Music plays a big role in your videos. Do you collaborate with musicians to create the soundscapes for your videos, dabble in production or just use songs you dig and credit the artist?

Music is potentially the sole inspiration for my videos. Collaborations with musicians AND dabbling in production are two things that I want to do more moving forward. For passion projects, I usually use songs that I really fuck with. These songs would spark an idea and I would go out and shoot. However, a lot of times, I shoot and then try to find music to match the mood of what I shot.

What's on your playlist at the moment?

My playlist right now is a mixed bag of James Blake, Santi, Lolo Zouaï, Tyler the Creator, Homeshake, HER and others. But you get the vibe.

Instagram has opened up new worlds and opportunities in completely organic ways for photographers like yourself. How would you describe your relationship with social media and the Internet viz-a-viz your work? Does it get overwhelming? 

It never was overwhelming, to be honest. The Internet, Instagram and instant feedback for my work gave me the drive to constantly create. I’m forever grateful for Instagram for everything it has done for me – the incredible people I’ve connected with, the amazing trips I’ve had the pleasure/privilege of going to and for my incredibly interesting career.. Yes, I did work hard to get noticed, but Instagram was the platform and the reason I was able to carve my own niche.

Sometimes, my relationship with it is strenuous because pretty often your work is copied or imitated by brands here. People are lazy, they just screenshot images from Instagram for their mood board. And then other photographers recreate it, and voila, it’s on a magazine now. No credit, no project for you. It’s annoying. But what do you do? If you don’t put your best work out there, you won't get noticed. It’s a catch 22.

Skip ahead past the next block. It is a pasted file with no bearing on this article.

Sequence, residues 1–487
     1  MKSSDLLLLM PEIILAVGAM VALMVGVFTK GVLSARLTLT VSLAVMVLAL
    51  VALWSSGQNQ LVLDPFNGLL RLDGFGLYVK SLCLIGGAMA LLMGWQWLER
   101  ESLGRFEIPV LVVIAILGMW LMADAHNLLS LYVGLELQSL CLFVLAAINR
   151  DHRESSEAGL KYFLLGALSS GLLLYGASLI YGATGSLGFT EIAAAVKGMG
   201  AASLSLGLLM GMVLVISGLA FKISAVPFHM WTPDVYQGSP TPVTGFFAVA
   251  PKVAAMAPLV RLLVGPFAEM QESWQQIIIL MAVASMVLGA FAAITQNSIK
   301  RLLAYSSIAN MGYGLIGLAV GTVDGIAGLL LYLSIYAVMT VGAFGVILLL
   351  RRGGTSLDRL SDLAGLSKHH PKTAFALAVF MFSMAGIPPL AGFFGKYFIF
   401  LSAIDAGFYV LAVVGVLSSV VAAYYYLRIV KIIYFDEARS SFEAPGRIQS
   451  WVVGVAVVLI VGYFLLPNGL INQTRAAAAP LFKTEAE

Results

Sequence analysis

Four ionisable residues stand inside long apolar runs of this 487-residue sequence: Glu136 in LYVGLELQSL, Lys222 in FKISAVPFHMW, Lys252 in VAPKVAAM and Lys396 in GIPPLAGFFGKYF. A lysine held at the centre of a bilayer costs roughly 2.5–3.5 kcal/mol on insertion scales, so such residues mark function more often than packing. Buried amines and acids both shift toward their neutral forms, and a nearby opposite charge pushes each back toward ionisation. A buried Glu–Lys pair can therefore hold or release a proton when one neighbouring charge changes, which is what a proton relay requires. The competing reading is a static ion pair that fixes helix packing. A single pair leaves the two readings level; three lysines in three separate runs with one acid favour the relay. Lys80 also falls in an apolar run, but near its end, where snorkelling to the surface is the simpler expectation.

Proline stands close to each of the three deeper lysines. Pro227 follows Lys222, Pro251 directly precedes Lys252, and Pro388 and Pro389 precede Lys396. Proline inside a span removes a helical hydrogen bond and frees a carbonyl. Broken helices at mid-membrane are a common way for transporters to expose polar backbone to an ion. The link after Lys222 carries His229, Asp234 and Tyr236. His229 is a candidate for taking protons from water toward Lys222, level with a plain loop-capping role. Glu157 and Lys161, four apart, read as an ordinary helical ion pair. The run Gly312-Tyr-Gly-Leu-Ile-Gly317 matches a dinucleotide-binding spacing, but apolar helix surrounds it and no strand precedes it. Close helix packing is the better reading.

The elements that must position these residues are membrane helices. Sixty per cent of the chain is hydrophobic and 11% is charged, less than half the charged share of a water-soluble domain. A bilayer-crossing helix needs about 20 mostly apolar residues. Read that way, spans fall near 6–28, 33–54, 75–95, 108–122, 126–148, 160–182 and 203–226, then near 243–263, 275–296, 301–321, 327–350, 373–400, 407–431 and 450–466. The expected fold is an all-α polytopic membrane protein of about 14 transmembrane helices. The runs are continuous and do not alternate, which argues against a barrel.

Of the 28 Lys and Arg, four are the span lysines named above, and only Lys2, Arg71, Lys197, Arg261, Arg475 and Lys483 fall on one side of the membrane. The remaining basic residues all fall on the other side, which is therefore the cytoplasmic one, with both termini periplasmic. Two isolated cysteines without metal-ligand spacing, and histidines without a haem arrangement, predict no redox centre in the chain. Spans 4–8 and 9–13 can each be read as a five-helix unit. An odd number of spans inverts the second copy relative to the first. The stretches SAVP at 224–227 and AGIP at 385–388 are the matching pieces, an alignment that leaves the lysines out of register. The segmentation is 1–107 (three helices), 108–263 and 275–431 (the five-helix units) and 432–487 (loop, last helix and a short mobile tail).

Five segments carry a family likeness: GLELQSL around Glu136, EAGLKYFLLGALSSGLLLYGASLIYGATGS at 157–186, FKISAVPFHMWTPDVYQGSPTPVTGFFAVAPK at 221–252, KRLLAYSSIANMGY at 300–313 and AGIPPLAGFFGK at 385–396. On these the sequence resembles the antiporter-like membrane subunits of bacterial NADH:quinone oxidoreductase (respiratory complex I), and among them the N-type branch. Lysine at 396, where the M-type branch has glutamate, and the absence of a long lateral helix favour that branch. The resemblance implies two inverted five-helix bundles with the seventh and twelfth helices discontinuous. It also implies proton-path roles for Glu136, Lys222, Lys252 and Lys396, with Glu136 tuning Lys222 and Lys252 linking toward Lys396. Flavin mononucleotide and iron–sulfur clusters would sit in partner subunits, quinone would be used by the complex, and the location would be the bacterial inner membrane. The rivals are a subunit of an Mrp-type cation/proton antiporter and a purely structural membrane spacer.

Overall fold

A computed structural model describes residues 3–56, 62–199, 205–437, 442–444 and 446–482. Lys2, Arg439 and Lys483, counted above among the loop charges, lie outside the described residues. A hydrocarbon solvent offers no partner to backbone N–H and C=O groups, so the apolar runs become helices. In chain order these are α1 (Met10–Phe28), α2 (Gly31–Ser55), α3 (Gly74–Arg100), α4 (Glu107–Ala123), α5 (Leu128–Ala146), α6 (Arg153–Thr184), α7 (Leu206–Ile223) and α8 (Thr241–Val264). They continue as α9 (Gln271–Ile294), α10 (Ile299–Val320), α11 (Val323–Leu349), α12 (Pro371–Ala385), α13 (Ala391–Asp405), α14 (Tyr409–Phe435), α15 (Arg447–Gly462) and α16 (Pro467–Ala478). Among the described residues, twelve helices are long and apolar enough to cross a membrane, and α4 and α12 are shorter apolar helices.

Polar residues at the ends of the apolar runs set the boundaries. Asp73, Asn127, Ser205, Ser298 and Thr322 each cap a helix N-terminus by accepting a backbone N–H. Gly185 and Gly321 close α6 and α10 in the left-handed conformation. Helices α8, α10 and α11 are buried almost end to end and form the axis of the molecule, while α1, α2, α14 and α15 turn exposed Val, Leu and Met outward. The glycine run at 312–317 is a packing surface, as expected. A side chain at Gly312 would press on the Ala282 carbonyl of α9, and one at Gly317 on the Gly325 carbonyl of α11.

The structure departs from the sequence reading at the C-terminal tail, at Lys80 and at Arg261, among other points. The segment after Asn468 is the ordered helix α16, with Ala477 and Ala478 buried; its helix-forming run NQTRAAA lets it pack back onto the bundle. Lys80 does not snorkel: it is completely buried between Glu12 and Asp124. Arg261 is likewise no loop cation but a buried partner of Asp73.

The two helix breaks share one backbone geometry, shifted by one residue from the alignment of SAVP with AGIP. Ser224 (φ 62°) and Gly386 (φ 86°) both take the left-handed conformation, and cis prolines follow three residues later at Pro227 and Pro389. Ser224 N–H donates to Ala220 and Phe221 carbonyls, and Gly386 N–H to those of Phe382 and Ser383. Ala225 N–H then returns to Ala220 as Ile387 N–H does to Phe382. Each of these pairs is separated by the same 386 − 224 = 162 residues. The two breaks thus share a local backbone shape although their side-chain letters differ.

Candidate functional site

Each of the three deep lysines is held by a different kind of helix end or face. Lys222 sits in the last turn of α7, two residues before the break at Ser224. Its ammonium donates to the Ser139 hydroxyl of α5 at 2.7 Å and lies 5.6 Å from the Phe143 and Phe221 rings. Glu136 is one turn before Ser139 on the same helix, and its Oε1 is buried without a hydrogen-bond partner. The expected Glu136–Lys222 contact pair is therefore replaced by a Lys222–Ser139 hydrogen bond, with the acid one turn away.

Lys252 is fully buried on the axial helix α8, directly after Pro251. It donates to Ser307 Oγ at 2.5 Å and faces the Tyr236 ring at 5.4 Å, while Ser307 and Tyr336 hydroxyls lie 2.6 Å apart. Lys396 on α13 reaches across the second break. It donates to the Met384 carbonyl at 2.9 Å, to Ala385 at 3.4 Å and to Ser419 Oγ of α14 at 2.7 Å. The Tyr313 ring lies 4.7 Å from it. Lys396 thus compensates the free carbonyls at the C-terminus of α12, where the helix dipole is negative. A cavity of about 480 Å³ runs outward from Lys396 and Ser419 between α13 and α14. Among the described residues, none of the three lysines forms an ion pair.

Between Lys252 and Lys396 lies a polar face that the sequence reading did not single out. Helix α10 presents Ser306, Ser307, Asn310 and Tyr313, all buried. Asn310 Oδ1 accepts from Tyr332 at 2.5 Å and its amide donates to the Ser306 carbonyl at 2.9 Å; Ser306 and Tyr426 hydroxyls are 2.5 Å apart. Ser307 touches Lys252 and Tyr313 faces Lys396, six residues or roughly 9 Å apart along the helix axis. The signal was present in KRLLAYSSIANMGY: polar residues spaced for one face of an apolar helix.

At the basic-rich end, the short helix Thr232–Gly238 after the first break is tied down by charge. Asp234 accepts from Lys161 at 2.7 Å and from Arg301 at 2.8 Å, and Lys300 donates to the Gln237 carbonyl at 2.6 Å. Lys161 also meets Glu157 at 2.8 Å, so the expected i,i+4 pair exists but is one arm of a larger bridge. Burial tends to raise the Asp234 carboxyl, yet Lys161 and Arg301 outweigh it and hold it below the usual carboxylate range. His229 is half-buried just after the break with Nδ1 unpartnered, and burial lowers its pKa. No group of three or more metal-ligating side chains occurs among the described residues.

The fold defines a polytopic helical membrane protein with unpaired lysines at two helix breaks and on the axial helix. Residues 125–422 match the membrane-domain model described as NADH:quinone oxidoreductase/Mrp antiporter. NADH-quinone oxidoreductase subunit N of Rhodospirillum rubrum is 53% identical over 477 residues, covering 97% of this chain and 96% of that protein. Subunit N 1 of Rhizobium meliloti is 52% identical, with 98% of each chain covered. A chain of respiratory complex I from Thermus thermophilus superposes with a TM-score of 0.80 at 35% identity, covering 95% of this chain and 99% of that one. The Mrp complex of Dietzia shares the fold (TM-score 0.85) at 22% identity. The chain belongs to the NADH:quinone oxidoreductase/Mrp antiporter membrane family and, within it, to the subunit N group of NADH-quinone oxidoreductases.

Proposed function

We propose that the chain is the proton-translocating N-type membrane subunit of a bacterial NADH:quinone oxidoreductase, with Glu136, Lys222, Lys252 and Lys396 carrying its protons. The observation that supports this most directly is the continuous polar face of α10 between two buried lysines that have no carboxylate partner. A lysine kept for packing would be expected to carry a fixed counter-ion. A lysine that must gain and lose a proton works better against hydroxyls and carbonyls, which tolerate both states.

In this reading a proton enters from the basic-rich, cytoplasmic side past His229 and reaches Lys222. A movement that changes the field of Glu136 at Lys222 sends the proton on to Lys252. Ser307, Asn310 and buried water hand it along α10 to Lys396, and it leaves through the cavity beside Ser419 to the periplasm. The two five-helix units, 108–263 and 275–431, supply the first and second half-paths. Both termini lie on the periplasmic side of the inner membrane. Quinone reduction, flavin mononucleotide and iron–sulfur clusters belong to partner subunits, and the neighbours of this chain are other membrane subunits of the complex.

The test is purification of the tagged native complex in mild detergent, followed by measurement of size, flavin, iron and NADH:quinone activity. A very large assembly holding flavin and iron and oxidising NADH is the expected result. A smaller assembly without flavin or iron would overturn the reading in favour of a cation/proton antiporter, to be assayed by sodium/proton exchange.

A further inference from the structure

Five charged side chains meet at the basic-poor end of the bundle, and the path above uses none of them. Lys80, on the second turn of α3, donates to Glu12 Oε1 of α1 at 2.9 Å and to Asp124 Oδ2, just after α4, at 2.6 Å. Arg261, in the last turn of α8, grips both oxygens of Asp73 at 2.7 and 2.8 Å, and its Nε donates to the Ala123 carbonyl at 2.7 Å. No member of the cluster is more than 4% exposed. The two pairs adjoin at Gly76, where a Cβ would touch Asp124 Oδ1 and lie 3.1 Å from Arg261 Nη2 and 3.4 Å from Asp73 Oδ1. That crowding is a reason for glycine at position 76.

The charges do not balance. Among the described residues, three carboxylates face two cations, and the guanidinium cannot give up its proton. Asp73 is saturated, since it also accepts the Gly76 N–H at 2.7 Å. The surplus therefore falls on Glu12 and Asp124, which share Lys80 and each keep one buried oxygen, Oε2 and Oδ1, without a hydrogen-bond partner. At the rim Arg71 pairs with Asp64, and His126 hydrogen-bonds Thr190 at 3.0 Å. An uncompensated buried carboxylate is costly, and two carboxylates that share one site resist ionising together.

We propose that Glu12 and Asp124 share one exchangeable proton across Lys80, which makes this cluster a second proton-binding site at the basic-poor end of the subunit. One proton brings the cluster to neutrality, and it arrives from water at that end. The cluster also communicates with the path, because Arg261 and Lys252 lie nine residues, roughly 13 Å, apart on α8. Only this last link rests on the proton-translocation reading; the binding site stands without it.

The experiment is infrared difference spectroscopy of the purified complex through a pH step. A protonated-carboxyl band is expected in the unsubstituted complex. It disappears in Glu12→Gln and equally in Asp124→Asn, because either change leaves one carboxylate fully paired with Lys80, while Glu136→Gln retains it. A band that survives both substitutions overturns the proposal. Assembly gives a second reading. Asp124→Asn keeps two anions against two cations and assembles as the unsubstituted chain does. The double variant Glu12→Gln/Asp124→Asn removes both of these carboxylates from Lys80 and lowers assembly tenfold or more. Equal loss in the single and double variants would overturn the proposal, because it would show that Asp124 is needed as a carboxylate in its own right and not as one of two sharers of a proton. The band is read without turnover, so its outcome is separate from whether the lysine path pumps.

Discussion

What does your photography kit look like?

I’m very minimal when it comes to gear. Most shoots, I show up with one camera one lens: a Canon 5DM4 with a 24-70mm f2.8 lens – one of the best and most versatile glasses out there. Some shoots require more, so I carry my gimbal, a reflector, additional cameras and lenses. But for most part, it's just my camera and lens.

How do you strike a balance between life and work since you have to be on your phone for work so much?

My average time on Instagram up until a couple months ago used to be around 4.5 hours a day. Instagram alone, imagine! Even then, I wasn’t mindlessly scrolling and looking at other pages; I’d mainly spend it having conversations with people who were replying to my stories or engaging in multiple conversations throughout the day.

I find myself using my phone much less off late. In Dubai, it is normal to be in the presence of people and use your phone to have conversations with others, scroll Instagram, watch stories etc. When I was in the States this winter though, it almost felt embarrassing to take your phone out while hanging out with people. It’s something that I am consciously trying to reduce now. My daily average Instagram screen time has dropped to 1h41m!

Aqib's doodle

What does a (non-shoot) day in your life look like? 

I wake up earlyish (for freelance standards) by around 8 or 9 am. My ideal day, and I will put it here even though I haven’t started yet, starts with an hour-long workout. After which I either make breakfast or head out to a café to set up and eat there. I love craft coffee, so cravings for different coffees dictates which café I would work out for the day. I mostly set up in the design district in Dubai. I like being there as it’s one of the few places in Dubai that has a concentration of people working in design, photography, fashion and food. You get to meet fellow creatives and have interesting chats about the industry, the city, current projects and future ideas.